Having a Code of Conduct for PyCon Australia is an important part of being able to assure attendees that they can feel safe, comfortable and respected at all times during the conference. Of course that code of conduct is meaningless unless there’s a process for escalating problems and a response to them. To be open and transparent about our process, we are releasing some anonymized information about incidents that were reported to the Code of Conduct response team before and during the conference.
There were four incidents handled by the team as potential violations of the Code of Conduct:
- Reported via an anonymous email, the tweets of a member of the PyCon AU paper core organiser team and committee made remarks strongly against the use of talk titles of the form “Make X great again”. The report expressed concern that this was exclusionary based on political beliefs. In response, the team drafted and published a clarifying statement: https://2019.pycon-au.org/news/inclusivity-and-political-statements/ that the MAGA political message itself was not welcome, but people of all political beliefs are. Talks with MAGA titles would not be automatically rejected, but instead authors would be required to change the title if the talks were accepted.
- Within a group of attendees, there was a bunch of initially friendly banter that had continued over an extended period of time both externally and during PyCon AU in which one attendee became the subject of multiple running jokes. During PyCon AU this escalated beyond normal banter to the point where this person was made to feel uncomfortable and excluded. The conduct team talked to the identified people and several people who observed parts of the behaviour and issued warnings to three people that the negative behaviour should cease. All involved were well intentioned and unaware of the effect they were having on their friend, they all responded well to feedback and follow up enquiries indicated the situation was amicably resolved.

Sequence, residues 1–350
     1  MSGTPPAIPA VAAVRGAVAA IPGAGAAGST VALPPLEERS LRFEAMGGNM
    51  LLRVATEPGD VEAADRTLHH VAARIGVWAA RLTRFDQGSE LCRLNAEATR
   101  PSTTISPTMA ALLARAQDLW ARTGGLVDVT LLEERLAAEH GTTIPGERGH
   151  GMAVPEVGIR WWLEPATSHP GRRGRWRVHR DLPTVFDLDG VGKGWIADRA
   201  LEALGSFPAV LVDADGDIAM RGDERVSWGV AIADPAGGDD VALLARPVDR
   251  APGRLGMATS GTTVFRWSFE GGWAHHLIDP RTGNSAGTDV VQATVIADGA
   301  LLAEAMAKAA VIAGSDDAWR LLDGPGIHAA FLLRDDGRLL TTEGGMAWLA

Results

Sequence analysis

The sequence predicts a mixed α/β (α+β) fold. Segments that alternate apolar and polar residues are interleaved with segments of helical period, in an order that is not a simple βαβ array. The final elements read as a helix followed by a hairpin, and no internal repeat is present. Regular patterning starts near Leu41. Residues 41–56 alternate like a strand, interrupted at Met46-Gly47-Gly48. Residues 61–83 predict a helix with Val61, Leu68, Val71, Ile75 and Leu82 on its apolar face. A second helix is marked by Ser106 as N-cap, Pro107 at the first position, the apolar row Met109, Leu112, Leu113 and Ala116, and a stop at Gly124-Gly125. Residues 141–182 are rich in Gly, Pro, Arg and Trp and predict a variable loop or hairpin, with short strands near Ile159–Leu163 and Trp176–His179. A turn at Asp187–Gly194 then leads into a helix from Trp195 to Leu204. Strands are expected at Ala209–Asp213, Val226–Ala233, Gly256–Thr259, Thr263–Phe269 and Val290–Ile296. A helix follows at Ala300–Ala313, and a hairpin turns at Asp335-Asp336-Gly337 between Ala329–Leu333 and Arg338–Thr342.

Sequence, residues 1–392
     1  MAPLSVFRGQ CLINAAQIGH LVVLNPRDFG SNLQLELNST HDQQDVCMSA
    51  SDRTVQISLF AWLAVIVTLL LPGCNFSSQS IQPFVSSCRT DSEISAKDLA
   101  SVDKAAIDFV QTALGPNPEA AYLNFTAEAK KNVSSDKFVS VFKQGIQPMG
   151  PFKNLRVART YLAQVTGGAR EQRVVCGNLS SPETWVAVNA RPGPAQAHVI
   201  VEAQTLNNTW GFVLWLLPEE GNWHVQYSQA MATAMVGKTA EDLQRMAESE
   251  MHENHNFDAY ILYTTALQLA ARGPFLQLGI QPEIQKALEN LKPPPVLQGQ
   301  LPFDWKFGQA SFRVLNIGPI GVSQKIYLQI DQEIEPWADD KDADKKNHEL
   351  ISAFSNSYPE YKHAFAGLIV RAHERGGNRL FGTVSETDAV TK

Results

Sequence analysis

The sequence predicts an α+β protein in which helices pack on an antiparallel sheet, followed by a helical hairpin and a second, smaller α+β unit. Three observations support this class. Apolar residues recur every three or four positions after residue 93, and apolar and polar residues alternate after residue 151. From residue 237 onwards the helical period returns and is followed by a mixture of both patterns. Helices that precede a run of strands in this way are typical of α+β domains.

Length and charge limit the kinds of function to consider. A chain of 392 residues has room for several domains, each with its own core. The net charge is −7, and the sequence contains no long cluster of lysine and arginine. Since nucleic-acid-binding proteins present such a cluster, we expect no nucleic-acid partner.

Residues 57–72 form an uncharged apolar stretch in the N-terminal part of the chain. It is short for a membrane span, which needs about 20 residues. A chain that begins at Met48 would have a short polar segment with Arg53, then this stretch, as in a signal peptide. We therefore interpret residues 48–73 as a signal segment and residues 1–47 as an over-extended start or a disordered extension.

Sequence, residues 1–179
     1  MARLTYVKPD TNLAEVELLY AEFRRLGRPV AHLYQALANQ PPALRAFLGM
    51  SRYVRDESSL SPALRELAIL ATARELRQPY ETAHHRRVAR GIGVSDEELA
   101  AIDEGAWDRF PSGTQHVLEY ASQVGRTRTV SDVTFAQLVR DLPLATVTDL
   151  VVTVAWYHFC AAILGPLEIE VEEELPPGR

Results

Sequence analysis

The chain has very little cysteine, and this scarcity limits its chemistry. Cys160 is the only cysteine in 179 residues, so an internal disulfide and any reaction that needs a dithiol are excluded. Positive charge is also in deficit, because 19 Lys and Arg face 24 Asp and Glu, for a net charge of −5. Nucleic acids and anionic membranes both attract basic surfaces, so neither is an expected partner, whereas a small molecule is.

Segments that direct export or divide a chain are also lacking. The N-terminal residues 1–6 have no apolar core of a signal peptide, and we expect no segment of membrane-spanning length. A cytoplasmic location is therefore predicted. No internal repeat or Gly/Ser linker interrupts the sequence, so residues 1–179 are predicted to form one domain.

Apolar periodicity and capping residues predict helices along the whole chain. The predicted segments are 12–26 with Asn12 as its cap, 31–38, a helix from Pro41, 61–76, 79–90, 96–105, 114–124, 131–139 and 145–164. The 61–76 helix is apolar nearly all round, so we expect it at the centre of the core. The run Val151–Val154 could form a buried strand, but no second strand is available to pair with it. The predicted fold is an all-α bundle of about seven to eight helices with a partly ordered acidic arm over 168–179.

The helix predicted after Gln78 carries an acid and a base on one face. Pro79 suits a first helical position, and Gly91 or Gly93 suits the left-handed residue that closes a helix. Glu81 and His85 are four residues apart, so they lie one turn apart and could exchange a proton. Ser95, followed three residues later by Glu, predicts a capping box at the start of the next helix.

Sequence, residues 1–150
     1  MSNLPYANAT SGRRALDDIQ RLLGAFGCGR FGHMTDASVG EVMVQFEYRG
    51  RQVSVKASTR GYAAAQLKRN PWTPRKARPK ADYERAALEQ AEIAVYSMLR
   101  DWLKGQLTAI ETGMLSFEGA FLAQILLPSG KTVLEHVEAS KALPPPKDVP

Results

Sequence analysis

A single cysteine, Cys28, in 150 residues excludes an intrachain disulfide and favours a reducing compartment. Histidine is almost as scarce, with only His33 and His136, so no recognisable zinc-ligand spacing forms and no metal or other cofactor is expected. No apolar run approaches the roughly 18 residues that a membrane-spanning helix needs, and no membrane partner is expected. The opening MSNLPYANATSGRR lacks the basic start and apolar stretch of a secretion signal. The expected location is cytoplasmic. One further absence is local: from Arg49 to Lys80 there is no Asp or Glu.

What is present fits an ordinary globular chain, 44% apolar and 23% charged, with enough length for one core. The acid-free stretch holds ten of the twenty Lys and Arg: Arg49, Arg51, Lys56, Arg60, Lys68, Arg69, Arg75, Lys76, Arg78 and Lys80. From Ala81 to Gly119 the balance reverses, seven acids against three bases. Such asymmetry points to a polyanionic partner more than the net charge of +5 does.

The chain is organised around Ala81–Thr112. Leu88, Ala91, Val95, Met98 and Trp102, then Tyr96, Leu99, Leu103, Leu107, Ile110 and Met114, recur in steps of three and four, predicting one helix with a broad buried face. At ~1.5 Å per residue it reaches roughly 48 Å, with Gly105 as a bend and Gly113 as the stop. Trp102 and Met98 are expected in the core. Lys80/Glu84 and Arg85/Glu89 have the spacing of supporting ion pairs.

- The conduct team received a report that some attendees had found that the conference venue coffee machine was in a locked or closed state and were attempting to unlock it using the manual found online. The reports did not specify which attendees had participated, which made it difficult to follow up individually. Volunteers and organisers were informed to discourage this activity if it came to their attention again. Additional reminders not to interfere with the conference infrastructure were repeated at conference opening on subsequent days.
- After the conference videos were published online, a speaker received an email with comments on their appearance and unprofessional invitations of a romantic and sexual nature. With an unrecognised email and only a first name, the conduct team was unable to determine conclusively if the sender was a conference attendee or not. The sender was informed over email that this behaviour was unacceptable.
Additionally, an anonymous report was received that did not reference any behaviour or experience which related to the code of conduct or wellbeing of attendees. A request for further clarification was never answered and no further action was taken.
We’re grateful to those who reported possible Code of Conduct violations to us, and encourage any attendee who experienced harassment at our conference, witnessed someone else being harassed, or has any questions to email the Code of Conduct response team.